Blue collar jobs to drive 70% of India's new job growth by 2030: Report

Business Friday 19/April/2024 14:34 PM
Blue collar jobs to drive 70% of India's new job growth by 2030: Report

New Delhi: Blue-collar workers, comprising over 80 per cent of India's non-agricultural workforce, play a pivotal role in driving and sustaining the country's economy across diverse sectors.

McKinsey & Company forecasts that by 2030, 70 per cent of the 90 million new jobs anticipated in India will fall under the category of blue-collar roles.

These positions constitute approximately 80 per cent of both organised and unorganised sector jobs in India, serving as the primary engine of the economy.

The fulfillment of these roles holds significant importance for the growth trajectories of sectors like manufacturing and logistics.

As of 2024, the hiring intent for non-white collar positions has experienced a 10 per cent increase compared to the previous year.

E-commerce is anticipated to witness the highest salary growth in 2024, projected at 10.9 per cent, followed by financial services with an expected growth rate of 10.1 per cent
Based on data from 2023, blue and grey-collar occupations contribute 1.25 per cent to India's Gross Domestic Product (GDP).

With their indispensable contributions to industries such as infrastructure, construction, transportation, and manufacturing, these workers form the bedrock of economic growth.
As India aims to achieve its developmental goals, empowering and upskilling this workforce emerges as a critical imperative.

Anshul Khurana, Co-founder and CEO of Entitled Solutions, shed light on the indispensable contributions of blue-collar workers to India's economy.

Khurana said, "Over 80 per cent of the workforce in India (excluding agricultural workers) is in blue and grey collar jobs, aggregating about 300 million workers."

The significance of blue-collar workers in India's economic landscape cannot be overstated.
Their labor fuels the wheels of growth in crucial sectors, generating employment opportunities and fostering industrial progress.

Amidst the nation's push towards expanding its manufacturing capabilities, the demand for skilled blue-collar workers has surged, underscoring their essential role in propelling overall economic advancement.

Khurana said, "Blue-collar workers form the bedrock of an economy, especially given that sectors that form large levers of growth (such as infrastructure, construction, transportation, etc.) for the economy depend on them. In a country the size of India, this is even more true, since a large proportion of employment generation happens in this segment."

He added, "As India tries to push towards its next phase by expanding its manufacturing capabilities, blue-collar jobs will become even more critical. The massive rise in demand (most indices show upwards of 40 per cent year-on-year demand for workers) for blue-collar workers over the past couple of years is proof of their contribution to overall economic growth. For India to become "Developed" by 2047, upskilling and empowering blue-collar workers will be one of the most critical parts of the puzzle."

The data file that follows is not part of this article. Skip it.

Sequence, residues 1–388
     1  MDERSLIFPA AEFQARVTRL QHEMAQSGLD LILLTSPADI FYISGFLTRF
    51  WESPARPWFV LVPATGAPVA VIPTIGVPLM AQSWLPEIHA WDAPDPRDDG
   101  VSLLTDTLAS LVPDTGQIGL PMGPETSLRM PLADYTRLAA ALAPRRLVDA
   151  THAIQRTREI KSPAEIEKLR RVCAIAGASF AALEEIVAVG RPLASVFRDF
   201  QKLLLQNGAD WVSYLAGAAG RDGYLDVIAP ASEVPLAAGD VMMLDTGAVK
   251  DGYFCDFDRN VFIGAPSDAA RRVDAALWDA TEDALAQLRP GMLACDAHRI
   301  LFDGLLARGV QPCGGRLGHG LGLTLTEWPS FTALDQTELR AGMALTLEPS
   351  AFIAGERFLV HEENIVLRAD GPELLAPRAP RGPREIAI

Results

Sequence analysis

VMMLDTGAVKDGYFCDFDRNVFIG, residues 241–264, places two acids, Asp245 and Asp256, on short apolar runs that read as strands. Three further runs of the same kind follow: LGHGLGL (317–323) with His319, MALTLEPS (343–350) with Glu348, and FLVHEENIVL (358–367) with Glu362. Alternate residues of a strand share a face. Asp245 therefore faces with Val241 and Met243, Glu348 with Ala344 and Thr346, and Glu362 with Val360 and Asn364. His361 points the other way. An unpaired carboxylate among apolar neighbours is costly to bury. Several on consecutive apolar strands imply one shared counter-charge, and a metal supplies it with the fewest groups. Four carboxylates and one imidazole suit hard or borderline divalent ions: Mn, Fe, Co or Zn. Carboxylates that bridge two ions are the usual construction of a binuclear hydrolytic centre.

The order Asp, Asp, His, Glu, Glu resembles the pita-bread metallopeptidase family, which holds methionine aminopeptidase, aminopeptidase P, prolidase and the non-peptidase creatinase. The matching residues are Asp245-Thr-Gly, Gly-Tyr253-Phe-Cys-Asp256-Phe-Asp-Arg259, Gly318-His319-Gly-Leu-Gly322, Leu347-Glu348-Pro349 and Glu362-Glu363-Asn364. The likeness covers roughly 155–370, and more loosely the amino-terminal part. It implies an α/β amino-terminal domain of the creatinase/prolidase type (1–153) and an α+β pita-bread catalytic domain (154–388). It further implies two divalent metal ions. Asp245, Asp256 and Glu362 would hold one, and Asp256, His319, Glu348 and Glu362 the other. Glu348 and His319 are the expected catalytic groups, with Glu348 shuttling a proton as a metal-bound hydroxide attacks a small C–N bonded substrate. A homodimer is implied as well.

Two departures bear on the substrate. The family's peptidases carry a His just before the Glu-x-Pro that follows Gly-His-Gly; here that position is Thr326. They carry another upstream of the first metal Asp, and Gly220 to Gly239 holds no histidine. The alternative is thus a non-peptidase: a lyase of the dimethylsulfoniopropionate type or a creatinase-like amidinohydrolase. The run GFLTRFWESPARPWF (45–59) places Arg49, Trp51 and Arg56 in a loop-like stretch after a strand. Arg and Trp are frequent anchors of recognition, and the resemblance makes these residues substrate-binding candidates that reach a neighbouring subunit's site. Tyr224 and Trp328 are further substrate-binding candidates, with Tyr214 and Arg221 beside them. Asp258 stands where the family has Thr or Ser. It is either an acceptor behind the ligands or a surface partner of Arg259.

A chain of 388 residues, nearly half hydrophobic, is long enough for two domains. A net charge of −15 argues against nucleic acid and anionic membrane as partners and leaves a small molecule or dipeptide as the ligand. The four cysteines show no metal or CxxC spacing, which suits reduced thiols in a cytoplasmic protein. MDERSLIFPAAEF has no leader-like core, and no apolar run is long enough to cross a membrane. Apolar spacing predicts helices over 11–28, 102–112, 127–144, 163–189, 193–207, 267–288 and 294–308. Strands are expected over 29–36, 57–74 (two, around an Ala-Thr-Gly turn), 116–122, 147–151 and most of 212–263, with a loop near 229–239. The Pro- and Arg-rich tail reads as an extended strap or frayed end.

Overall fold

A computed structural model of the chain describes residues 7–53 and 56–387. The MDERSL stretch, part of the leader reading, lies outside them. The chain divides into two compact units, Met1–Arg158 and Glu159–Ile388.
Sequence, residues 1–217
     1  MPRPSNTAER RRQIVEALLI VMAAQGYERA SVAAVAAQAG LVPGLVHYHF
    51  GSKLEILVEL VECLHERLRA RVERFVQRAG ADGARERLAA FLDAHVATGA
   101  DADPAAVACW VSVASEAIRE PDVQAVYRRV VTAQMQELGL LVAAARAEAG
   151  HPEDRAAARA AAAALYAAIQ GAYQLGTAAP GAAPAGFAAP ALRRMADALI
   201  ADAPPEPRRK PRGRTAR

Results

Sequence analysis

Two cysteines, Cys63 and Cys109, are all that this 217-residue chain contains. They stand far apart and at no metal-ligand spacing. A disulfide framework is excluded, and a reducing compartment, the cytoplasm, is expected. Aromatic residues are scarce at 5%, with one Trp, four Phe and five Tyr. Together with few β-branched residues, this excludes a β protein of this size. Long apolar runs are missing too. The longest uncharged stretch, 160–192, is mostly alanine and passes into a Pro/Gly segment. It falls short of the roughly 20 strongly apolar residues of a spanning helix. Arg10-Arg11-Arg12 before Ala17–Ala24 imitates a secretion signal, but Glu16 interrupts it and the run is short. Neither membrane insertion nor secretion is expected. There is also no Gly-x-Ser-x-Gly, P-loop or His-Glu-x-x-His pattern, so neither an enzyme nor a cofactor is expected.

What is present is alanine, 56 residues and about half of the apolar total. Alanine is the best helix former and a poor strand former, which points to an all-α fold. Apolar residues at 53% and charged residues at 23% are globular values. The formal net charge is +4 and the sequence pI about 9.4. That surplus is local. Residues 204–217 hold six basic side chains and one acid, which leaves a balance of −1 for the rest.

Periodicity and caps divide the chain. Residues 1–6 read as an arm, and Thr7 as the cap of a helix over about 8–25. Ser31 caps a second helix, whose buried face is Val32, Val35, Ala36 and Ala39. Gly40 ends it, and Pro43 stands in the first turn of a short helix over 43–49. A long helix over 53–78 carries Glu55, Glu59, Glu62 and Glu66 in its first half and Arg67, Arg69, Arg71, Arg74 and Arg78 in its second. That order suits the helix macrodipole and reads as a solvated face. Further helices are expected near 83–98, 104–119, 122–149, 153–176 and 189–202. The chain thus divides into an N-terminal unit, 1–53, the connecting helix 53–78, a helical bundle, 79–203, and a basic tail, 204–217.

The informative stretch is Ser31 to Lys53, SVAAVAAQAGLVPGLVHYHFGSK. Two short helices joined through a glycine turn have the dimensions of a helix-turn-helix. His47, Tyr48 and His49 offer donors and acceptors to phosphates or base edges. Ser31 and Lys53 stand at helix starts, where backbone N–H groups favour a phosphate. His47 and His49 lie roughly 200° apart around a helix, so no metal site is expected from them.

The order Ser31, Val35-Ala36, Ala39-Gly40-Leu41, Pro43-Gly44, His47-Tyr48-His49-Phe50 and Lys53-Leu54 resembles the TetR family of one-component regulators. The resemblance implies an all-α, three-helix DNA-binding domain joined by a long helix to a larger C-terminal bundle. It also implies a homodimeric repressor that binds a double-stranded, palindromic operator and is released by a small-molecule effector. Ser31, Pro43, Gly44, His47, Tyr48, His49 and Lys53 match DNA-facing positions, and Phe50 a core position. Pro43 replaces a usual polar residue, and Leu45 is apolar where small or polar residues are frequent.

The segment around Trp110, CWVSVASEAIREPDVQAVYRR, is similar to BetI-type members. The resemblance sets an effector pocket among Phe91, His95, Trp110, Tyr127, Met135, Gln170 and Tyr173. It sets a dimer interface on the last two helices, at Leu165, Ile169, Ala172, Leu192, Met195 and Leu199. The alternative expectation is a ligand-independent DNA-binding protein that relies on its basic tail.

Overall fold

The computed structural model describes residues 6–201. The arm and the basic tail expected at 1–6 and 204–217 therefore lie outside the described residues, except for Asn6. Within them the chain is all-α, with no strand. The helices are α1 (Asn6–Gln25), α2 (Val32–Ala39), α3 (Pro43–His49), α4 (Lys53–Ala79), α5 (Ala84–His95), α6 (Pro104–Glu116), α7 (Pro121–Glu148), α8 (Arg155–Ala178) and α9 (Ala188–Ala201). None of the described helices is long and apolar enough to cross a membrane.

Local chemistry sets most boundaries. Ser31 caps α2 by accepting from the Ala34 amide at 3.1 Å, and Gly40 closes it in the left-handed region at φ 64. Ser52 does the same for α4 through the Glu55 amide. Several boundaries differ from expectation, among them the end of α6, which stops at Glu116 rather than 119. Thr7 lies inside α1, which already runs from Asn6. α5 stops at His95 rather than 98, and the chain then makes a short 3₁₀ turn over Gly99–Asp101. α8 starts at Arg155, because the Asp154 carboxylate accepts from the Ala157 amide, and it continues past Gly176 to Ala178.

Despite their indispensable contributions, many blue-collar workers in India remain underserved by traditional social security programs.

However, challenges persist in ensuring comprehensive welfare for this segment of the workforce.

Khurana said, "A small portion of blue-collar workers (who are qualified as full-time workers) are covered by traditional social security programs such as the Employees Provident Fund (EPF) and the Employees State Insurance Corporation (ESIC), but a large proportion of blue-collar workers, including new-age gig workers, daily wage earners, or contractual workers, are not covered by these schemes."

While some are covered by schemes like the Employees Provident Fund (EPF) and the Employees State Insurance Corporation (ESIC), a substantial proportion, including gig workers and daily wage earners, lack access to such benefits.

Khurana said, "There are sector-specific government programs, such as those for construction workers (registered under the Building and Other Construction Workers Act), that give them access to some health benefits, but these are administered by each individual state and are therefore non-standard and have many issues in terms of access."

Recognizing this gap, the government is undertaking initiatives such as the eShram database to extend social security coverage to unorganized workers.

"The government is now building a database of unorganized workers via eShram to hopefully bring some of these workers under social security", Khurana stated.
He further added, "There are also other national programs such as Pradhan Mantri Jan Arogya Yojana (PM-JAY) that are meant to enable health access for economically weaker sections, including blue-collar workers, but awareness of it is really low."

In parallel, digital innovation is reshaping urban finance and addressing the financial inclusion needs of the urban poor, particularly in the blue-collar sector.

Startups are leveraging technology to overcome barriers such as insufficient data, low digital literacy, and high user acquisition costs.

As India endeavors to propel its economy towards development, prioritizing the welfare and empowerment of blue-collar workers is paramount.

Government initiatives and innovative solutions from startups signify steps towards ensuring the inclusion and well-being of this crucial segment, essential for India's journey towards economic prosperity and social advancement.